Scope 3, on the other hand, is really where we are trying to advance and incite changes as this is where the industry's largest gaps in progress still remain. Scope 3 emissions are not produced by us but are indirect byproducts of activities across our value chain, and because our place in the industry requires interaction with so many upstream and downstream players, this category of emissions accounts for the lion's share of our overall footprint. Reducing Scope 3 emissions requires a commitment across the industry for value chain members to align with one another on goals and set up action plans that work toward those goals. For us, those collaborative goals often revolve around keeping the material journey circular. Ensuring more used beverage cans (UBCs) remain out of landfill and instead complete their recycling system route successfully helps to make more recycled materials available for use in new can production. Beyond raising recycled content averages and having to rely less on raw, finite materials – a major benefit for the planet – keeping this loop going actually saves on energy consumption levels, as producing cans from recycled materials saves roughly 95 per cent of the energy required with virgin substrates. By reducing energy usage, we reduce our emissions – keeping us closer to that balance net zero strives to reach.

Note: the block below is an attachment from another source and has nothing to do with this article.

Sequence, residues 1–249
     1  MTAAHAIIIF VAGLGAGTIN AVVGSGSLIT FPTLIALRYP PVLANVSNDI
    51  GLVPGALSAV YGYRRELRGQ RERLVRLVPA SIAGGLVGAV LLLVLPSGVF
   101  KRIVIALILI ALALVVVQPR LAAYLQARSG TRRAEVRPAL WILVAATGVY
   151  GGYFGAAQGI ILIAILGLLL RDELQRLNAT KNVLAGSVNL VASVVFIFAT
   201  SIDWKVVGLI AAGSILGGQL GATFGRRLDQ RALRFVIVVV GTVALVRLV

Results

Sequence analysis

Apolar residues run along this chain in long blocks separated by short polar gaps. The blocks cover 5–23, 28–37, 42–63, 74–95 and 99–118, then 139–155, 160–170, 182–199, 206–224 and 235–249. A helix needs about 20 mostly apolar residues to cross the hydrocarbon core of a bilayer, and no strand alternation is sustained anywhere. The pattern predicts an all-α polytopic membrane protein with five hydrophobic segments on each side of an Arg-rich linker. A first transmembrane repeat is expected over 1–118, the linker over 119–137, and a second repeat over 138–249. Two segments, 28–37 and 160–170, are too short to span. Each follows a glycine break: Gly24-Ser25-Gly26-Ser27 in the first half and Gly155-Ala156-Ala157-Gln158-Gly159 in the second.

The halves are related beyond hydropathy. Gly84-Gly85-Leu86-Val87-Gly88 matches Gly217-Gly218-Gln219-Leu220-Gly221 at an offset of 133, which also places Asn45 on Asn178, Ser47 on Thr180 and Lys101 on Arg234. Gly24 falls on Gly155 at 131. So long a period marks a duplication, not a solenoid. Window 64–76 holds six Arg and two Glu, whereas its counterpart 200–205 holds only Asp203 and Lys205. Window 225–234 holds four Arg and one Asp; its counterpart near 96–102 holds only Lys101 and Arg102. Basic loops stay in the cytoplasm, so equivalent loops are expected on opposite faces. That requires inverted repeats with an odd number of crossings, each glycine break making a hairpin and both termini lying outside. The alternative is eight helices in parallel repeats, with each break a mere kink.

Q - How is the industry working to reduce Scope 3 emissions?

The challenge with managing Scope 3 emissions is that the category truly requires all hands on deck. All members of the value chain must accept responsibility and work proactively together– not in silos – to create any meaningful change. In our case as a packaging manufacturer, this means focusing on our procurement stages and making sure we engage our suppliers diligently as we source our materials. We must align with these partners to determine where there are opportunities to increase recycled content averages in their supply and help them drive toward leaner, more eco-friendly production processes.

With downstream partners, we also must communicate and determine where there are opportunities for more effective consumer education that helps foster the right recycling habits, as well as opportunities for more effective material recovery. We are working on a diverse range of tactics within those two focus areas, including: